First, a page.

Basic CIRB Training - Office of Research

IRB Basics
Presenter: Janelle Greening, M.B.A., C.I.P. Compliance Officer
Revised: April 2012
 Campus
 Online
IRB Website:
Electronic System:
MU faculty, staff and students can login without creating
an account.
Location: 485 McReynolds Hall
 Create an Account
 Associate with UMC
 Campus SBR – User Group
 Basic Course: Select “Human Subject Research
 Refresher Course
*Do not complete the Responsible Conduct of
Research modules – it will not count towards IRB
Training is active for two years.
 Up-to-date
IRB information
 Changes to policies and procedures
 Training opportunities
 Send an e-mail to [email protected]
and putting “SUBSCRIBE CIRB” in the body
of the email
 Michele
Kennett, Director
 Janelle Greening, Compliance Officer
 Compliance Specialists:
Melissa Freeman
Denise Harrington
 Campus
IRB Phone Number: 882-9585
Heidi Mitchel
 Ethical Principles
 Federal Definitions
 3 Levels of Review
 Special Categories
of Research
 Vulnerable
 Recruitment
 Informed Consent
 Investigator
 IRB Forms
 Criteria for Approval
Basic understanding of the federal
regulations governing human subject
Basic understanding the federal definition of
“human subject” and “research”
Understanding the importance of informed
consent and respect for persons
Knowing your reporting responsibilities
Maintaining appropriate oversight of your
1. Safeguard human subject research participants
in accordance with the DHHS federal
regulations 45 CFR 46
2. Comply with the ethical principles outlined in
the Belmont Report, released in 1979
3. Comply with MU Institutional Policy
Chapter 410: Research Involving Humans
4. Comply with the Federalwide Assurance
5. Comply with State or Local laws which provide
additional protections for human subjects
 Protect
the rights and welfare of human
 Review, approve, require modifications, or
disapprove all research activities involving
human subjects
 Approve changes in previously approved
research (adding/removing components)
 Provide continuing review of all humans
subject research activities
 Any other steps necessary to protect the
human subject participants
Belmont Report:
A statement of the basic ethical principles to
be used to resolve ethical problems that
surround the conduct of research with human
Identifies three basic principles for
conducting research with human subjects
Provides a foundation for the federal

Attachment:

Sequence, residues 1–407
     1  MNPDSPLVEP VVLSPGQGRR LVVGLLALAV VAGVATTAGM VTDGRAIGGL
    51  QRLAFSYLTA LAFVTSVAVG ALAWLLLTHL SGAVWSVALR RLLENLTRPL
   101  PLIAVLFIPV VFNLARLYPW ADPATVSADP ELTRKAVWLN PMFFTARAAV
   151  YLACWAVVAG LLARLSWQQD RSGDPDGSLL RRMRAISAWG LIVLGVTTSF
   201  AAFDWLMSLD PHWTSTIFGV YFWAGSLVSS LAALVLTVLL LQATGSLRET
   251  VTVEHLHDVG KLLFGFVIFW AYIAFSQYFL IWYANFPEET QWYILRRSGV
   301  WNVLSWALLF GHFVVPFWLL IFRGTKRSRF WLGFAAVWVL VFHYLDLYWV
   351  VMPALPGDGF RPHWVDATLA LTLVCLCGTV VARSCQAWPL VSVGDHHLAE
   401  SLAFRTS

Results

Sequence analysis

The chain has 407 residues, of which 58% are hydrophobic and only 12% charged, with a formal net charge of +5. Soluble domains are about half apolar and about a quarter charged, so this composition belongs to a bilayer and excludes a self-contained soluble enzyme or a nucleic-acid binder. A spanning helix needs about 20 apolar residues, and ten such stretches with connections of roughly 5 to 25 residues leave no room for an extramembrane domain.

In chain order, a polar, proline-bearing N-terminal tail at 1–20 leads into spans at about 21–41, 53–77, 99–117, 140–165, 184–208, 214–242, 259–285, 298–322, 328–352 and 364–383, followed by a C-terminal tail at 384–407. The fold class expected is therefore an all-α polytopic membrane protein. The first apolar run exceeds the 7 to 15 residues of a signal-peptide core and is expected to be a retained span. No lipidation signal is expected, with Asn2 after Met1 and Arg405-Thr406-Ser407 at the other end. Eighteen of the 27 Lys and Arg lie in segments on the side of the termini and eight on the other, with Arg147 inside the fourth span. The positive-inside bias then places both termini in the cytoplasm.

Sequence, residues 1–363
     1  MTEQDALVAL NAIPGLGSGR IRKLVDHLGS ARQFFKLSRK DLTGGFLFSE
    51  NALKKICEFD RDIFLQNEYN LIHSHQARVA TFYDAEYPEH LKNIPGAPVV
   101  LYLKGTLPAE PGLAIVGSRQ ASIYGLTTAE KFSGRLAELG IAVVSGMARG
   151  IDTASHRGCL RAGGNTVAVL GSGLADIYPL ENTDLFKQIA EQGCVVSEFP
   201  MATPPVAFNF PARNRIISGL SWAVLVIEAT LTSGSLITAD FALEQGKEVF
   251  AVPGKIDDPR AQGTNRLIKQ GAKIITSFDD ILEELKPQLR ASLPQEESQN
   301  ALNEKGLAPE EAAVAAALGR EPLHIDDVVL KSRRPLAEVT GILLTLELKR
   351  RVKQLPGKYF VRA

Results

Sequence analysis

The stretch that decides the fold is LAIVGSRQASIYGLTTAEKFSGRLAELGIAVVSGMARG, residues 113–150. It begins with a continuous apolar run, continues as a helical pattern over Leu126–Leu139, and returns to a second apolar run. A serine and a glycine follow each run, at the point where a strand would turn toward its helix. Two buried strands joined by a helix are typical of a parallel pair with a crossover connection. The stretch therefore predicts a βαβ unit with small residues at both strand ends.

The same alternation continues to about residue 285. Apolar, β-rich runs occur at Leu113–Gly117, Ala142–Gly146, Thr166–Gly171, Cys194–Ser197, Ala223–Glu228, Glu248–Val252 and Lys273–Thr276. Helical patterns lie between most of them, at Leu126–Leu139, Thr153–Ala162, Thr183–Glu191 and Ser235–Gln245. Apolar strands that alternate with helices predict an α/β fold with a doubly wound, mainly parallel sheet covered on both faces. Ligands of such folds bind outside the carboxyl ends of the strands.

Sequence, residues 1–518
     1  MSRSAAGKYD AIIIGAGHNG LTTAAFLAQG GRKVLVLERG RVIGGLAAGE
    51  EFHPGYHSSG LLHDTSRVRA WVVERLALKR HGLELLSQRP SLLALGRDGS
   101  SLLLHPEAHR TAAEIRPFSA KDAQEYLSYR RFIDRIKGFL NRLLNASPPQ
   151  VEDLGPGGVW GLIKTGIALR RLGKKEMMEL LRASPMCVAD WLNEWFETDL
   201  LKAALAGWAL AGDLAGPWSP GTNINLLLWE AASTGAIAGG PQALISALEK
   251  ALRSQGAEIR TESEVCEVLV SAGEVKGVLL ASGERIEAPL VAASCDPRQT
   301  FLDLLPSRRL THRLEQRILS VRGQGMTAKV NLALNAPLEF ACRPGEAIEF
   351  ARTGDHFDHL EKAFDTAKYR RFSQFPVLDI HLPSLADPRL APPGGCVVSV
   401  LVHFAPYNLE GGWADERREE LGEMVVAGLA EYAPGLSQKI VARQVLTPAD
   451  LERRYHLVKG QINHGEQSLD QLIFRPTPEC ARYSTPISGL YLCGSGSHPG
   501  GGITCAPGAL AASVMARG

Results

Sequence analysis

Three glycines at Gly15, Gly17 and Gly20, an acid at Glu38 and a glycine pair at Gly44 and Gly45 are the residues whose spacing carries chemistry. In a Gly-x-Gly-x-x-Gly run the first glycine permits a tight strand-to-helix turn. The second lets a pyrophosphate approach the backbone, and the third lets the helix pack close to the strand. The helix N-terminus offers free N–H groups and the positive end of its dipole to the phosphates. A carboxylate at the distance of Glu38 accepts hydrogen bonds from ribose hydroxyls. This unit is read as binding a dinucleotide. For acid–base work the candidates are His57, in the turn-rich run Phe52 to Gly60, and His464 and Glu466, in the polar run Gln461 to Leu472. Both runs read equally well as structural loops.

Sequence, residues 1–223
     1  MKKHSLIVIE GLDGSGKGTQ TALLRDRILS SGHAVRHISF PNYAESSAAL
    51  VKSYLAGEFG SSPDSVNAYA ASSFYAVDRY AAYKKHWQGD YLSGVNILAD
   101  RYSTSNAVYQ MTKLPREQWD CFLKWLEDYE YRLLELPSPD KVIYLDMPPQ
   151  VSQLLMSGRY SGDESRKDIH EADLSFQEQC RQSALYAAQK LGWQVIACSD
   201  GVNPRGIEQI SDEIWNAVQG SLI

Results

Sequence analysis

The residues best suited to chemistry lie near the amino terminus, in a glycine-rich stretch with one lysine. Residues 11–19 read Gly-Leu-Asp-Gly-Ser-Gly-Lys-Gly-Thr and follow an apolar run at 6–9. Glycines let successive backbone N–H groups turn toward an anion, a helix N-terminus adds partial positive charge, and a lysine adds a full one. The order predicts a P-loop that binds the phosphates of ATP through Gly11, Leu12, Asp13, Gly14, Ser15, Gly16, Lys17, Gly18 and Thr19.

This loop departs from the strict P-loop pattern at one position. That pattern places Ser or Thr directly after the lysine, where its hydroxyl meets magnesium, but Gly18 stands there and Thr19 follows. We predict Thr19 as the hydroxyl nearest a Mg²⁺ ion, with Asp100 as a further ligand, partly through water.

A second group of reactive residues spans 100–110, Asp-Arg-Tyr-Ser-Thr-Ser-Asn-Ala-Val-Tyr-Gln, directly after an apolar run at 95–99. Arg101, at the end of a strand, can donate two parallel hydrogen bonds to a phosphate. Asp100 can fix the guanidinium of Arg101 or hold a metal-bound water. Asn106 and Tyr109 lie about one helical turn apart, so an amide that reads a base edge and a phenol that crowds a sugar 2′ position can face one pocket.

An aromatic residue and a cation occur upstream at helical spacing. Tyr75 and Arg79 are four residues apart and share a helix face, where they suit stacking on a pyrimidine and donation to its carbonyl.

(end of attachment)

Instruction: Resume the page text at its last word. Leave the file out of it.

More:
MU must comply with the Belmont Report as
outlined in our Federalwide Assurance
Focus on what is right or wrong
 At
least 5 members
 Diverse membership
1 non-affiliated member
1 scientific member
1 non-scientific member
 Adequate
 Consultants, if necessary
 Recognition
of personal dignity and autonomy
of individuals
Create a meaningful consent process
Provide subjects with all necessary information to
make a decision to participate
Allow subjects to withdraw without penalty or
adverse consequences
 Demands
that subjects enter into the research
voluntarily and with adequate information
 Persons with diminished autonomy are
entitled to protection
 Minimize
risks of harm and maximize the
potential benefits
 Ensure the benefits justify the risks of harm
 Risks may include:
Fair procedures and outcomes in the selection of research
Selection of research subjects needs to be scrutinized in
order to determine whether some classes are being
systematically selected simply because of their easy
availability, their compromised position, or their
manipulability, rather than for reasons directly related to
the problem being studied.
Participants should not be selected for research solely
 they are available;
 vulnerable; or
 they cannot say no
 Institution
 Investigator
 We
are all accountable for a successful local
human subject protection program
 Each is expected to play a role
contractual agreement between MU and
OHRP which guarantees this institution’s
commitment that all human subject research
complies with the regulations protecting
human subject participants.
 Assess
whether our institution is considered
to be engaged in the research.
 Examples
of being engaged (requires IRB
review at MU):
Consenting participants
 Intervening or interacting with participants
 Obtaining identifiable private information or
identifiable biological specimens from any
source for the research
 MU is the lead on a contract or grant, even when
the research is conducted elsewhere
 Examples
of activities that would not require
review by MU’s IRB:
Inform subjects about the availability of the research;